Over the years, Mantis been a member of both the Avengers and West Coast Avengers, taking part in various missions and battles, although even we’ll admit that her storyline became a little dry.
Making her debut in The Avenger #83 (December 1970), Valkyrie found her way as a member of the Defenders. In 2010 Valkyrie became a founding member of the Secret Avengers, a black-ops version of the Avengers. While she is nowhere near as powerful as Thor, Valkyrie is without a doubt one of the most dangerous warriors the Avengers have ever had.
The Marvel Cinematic Universe’s portrayal Valkyrie, played by Tessa Thompson, is excellent, we only wish she would’ve been included in Avengers: Infinity War.
43. Captain Britain
Making his debut in Captain Britain #1 (October 1976) Brian Braddock became Captain Britain after receiving the Amulet of Right from Merlyn. Although it took him time to get used to the idea of being a superhero and new leader of the Captain Britain Corps, Braddock eventually embraced his new responsibilities.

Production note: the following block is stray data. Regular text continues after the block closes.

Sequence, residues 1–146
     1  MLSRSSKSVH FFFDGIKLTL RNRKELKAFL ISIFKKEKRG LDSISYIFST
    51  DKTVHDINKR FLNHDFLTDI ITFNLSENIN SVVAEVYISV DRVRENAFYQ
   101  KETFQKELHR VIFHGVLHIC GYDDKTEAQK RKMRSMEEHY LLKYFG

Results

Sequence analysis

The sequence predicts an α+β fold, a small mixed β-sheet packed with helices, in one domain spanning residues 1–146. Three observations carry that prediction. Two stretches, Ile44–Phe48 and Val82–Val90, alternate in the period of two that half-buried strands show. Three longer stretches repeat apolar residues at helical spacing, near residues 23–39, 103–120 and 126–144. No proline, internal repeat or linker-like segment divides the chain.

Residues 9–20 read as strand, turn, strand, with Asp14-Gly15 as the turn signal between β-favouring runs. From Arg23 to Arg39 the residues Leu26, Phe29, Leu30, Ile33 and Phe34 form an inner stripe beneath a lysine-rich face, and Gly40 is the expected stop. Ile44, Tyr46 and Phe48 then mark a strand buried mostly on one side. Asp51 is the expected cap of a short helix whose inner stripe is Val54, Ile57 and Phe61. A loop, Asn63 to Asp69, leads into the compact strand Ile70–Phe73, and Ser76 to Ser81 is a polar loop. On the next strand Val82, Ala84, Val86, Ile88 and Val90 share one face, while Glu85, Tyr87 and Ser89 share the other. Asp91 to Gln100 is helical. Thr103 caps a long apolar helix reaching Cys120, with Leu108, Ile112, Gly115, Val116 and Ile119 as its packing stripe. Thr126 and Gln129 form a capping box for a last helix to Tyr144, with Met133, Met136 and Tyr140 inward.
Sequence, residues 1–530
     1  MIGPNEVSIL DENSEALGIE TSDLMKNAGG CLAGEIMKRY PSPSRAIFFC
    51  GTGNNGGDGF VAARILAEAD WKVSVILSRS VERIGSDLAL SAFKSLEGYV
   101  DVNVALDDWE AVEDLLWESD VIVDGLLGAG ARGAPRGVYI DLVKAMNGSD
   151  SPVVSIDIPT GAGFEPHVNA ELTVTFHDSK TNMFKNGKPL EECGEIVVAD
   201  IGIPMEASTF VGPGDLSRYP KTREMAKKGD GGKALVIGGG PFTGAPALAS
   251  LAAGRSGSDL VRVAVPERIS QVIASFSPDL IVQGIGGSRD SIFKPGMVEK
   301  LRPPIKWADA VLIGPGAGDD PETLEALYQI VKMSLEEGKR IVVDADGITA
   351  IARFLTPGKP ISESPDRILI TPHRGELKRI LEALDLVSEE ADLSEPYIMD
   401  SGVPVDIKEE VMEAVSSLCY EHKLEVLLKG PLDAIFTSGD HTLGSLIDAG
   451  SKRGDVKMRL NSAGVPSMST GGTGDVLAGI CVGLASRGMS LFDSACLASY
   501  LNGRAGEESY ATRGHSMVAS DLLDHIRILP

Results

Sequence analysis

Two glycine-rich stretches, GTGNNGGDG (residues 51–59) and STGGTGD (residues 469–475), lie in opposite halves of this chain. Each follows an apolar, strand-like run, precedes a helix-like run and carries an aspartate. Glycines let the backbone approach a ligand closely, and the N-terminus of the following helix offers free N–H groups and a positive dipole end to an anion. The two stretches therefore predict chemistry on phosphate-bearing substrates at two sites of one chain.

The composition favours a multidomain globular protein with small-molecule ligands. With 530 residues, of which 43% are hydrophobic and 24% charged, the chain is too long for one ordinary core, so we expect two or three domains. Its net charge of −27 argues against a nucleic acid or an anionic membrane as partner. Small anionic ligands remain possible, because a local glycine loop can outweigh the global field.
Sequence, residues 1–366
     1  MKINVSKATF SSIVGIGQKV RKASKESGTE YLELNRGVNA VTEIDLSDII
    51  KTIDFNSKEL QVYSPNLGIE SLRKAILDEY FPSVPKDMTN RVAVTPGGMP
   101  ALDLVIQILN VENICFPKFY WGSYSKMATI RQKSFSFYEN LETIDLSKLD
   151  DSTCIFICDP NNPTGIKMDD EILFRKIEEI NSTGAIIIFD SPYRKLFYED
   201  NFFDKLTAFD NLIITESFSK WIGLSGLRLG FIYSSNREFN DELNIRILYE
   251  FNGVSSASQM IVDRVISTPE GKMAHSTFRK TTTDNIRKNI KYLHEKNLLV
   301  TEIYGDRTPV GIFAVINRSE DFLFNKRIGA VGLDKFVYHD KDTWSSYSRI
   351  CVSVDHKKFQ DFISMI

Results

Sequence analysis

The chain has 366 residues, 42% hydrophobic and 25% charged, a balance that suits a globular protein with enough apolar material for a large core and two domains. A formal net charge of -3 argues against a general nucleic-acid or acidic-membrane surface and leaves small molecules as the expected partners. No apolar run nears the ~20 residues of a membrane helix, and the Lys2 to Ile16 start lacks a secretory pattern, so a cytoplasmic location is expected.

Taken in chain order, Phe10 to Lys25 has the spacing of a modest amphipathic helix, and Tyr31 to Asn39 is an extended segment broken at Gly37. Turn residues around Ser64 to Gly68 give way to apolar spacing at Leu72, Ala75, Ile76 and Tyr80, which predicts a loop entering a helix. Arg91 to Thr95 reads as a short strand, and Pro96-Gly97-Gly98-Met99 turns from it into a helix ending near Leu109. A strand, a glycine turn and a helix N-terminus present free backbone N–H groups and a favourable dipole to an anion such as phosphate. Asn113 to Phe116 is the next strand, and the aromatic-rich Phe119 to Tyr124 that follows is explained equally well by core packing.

After attending a meeting with Steve Rogers and MI13, Captain Britain was asked to join the Avengers and he agreed. Years later, Braddock also joined the Secret Avengers but like the first time around, Captain Britain had to leave in order to fight off the Descendants, a race of human-like robots.
Ororo Munroe, or Storm as she’s most commonly known, was created by Len Wein and Dave Cockrum and debuted in Giant-Sized X-Men #1 (May 1975).
During a period of time when the Avengers were shorthanded and looking for some new recruits, Black Panther recommend his wife and longtime member of the X-men, to which Storm accepted. She officially joined the team in Avengers Vol. 4 #19, taking part in various missions before leaving the team during the Avengers vs. X Men storyline, deciding to fight alongside her fellow mutants. With Storm and Black Panther now on opposite sides of the coin, their marriage began to fall apart, which led to the two getting a divorce at the end of the Avenger vs. X-Men series.